Obviously there are lots of other problems that can go wrong with the knees but this is a fairly common one.
I now have a little plastic "cap" covering the under side of my knee cap with my new knee. Interestingly, I can hear it squeak when I come up from my deep knee bends. :) I'm envisioning myself actually bending my knees for many of my tennis shots in the near future. :)
 

mightyrick

Legend
Maybe some of you engineering types can help me understand how building up those leg muscles "supports" the knees.

Seems to me the leg muscles often tend to pull the big leg bones "towards" each other. Pulling them towards each other whilst the menisci have been smushed to almost nothing and the hyaline cartilage that used to cover the ends of the femur has nothing but red, raw bone remaining would maybe not be the ideal thing to do.

Not an engineer, myself, so maybe I'm just not seeing things clearly.
IMHO, it isn't really an engineering problem, although I can see how it could be viewed that way. It is a question of stability of the entire leg structure when it is bearing a load. When the joint bears a load, you want the joint to be stable as it bears that load. You certainly don't want it unnecessarily (or unintentionally) extending, overextending, or rolling-in-place. The muscles supporting the joint can bear the load and prevent the joint from moving unnecessarily when the leg is under load.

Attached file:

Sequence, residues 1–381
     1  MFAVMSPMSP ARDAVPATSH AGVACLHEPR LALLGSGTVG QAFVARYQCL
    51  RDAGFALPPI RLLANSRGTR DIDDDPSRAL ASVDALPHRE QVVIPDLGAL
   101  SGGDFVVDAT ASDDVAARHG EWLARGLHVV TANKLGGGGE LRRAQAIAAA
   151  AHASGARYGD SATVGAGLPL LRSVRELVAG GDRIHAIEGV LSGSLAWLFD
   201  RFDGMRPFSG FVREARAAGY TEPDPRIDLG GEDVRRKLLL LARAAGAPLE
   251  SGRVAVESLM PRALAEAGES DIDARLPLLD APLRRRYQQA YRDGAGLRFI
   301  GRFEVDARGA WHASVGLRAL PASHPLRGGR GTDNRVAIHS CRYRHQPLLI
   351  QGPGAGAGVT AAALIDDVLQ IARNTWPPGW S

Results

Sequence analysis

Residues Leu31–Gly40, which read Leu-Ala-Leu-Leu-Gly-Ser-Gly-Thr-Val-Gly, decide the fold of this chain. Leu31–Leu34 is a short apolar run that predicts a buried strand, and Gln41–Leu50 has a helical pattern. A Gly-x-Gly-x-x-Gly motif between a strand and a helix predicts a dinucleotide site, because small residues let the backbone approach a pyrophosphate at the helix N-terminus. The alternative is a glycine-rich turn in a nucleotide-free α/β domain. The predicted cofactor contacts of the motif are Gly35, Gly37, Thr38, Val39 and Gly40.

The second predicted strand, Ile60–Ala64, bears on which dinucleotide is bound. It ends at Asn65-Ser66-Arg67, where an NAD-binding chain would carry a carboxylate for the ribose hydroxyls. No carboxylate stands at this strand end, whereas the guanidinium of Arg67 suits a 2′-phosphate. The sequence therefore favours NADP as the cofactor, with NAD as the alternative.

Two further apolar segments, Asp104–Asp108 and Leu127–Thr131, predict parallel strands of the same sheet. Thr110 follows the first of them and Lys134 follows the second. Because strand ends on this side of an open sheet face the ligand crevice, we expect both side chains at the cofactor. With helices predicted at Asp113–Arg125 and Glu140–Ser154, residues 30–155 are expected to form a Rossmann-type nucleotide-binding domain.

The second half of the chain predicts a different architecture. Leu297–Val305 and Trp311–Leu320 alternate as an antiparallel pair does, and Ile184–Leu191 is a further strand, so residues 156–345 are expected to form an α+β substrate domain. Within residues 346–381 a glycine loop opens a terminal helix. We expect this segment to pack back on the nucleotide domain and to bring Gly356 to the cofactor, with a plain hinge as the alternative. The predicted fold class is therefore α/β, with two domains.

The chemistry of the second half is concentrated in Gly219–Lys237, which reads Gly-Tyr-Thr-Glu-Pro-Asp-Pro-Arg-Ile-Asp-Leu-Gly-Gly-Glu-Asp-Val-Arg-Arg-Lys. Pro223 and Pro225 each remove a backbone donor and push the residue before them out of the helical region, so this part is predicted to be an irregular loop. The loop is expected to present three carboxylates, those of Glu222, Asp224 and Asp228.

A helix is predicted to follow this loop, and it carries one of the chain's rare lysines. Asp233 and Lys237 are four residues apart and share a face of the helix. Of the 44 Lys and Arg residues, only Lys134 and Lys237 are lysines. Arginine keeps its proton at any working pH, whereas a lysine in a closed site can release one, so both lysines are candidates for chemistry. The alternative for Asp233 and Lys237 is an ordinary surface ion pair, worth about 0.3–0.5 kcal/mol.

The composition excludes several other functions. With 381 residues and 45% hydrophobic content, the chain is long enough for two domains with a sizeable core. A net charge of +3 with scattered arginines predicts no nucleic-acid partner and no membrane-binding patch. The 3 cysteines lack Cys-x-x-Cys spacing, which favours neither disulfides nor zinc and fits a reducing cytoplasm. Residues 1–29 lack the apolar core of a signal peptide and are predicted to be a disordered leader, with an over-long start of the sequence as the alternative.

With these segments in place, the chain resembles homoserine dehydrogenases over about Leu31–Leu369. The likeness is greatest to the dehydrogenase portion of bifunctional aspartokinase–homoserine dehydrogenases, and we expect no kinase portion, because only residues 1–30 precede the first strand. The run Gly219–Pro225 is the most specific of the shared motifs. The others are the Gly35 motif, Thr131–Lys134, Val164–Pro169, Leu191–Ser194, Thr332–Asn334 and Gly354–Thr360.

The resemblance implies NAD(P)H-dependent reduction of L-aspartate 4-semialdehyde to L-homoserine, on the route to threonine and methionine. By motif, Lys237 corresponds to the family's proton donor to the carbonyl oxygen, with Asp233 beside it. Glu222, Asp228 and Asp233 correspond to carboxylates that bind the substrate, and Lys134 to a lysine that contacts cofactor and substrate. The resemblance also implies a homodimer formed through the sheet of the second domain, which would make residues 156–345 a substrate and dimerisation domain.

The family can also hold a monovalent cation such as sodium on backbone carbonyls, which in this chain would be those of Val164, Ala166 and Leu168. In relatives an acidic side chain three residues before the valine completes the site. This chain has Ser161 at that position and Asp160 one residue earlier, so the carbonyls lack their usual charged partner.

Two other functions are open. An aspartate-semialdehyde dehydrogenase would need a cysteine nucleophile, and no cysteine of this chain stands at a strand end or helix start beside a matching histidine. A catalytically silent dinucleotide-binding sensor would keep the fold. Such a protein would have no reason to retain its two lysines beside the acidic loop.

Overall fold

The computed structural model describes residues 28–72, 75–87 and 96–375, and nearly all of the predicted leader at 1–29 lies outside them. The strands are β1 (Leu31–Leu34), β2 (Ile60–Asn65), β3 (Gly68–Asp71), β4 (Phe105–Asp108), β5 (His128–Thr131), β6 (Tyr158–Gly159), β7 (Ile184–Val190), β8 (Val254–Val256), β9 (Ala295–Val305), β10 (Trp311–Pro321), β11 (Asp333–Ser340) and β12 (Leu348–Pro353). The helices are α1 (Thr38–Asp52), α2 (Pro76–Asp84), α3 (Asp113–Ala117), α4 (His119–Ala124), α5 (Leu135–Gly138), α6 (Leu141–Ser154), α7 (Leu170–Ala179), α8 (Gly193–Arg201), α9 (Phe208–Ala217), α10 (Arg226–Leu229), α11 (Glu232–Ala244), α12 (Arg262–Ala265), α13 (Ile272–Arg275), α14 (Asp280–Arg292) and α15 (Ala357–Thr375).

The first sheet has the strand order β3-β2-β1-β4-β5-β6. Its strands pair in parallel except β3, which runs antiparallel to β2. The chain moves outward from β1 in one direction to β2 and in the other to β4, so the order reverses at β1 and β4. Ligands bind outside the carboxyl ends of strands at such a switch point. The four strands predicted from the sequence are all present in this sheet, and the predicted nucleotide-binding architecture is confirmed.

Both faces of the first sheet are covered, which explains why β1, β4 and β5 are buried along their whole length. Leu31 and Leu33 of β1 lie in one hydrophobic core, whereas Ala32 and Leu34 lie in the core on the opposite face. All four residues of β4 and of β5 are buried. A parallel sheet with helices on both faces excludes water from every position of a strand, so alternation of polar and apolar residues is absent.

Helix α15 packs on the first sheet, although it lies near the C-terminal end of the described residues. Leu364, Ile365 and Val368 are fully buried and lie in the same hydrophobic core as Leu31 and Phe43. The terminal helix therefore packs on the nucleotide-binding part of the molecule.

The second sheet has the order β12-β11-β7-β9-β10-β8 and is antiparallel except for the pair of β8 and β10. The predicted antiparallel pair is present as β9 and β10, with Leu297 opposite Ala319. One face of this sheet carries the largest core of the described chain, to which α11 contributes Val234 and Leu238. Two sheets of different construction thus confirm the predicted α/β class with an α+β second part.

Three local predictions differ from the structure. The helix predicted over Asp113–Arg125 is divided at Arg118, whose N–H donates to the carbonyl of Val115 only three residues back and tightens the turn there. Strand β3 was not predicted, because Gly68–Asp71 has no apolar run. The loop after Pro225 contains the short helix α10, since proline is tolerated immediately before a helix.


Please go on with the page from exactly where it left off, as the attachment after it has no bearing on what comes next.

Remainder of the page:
Think of a gymnastics high-bar.



Consider that the "joint" is where the high-bar leg-poles meet the floor. But the "muscles" which support the entire structure are actually the thick steel tie-down wires. So regardless of what directional load is being placed on the bar itself, the joint hardly moves at all because the support wires are bearing a huge amount of that load. The joint stays largely immobile. And this concept holds for not only knees, but any other joints in the body including shoulders, hips, and even the spine.

In woodworking vernacular, you support the joints of a structure with cross members/bracing to prevent "racking" (flexing of the joint itself).

A big reason that a lot of athletes (distance runners are probably the worst about this) end up with knee (and other joint) injuries is that they focus on conditioning, cardio work, and endurance training only. If athletes would dedicate more time doing hard-core strength training... a lot of injuries would be prevented.
 

mntlblok

Hall of Fame
IMHO, it isn't really an engineering problem, although I can see how it could be viewed that way. It is a question of stability of the entire leg structure when it is bearing a load. When the joint bears a load, you want the joint to be stable as it bears that load. You certainly don't want it unnecessarily (or unintentionally) extending, overextending, or rolling-in-place. The muscles supporting the joint can bear the load and prevent the joint from moving unnecessarily when the leg is under load.

Think of a gymnastics high-bar.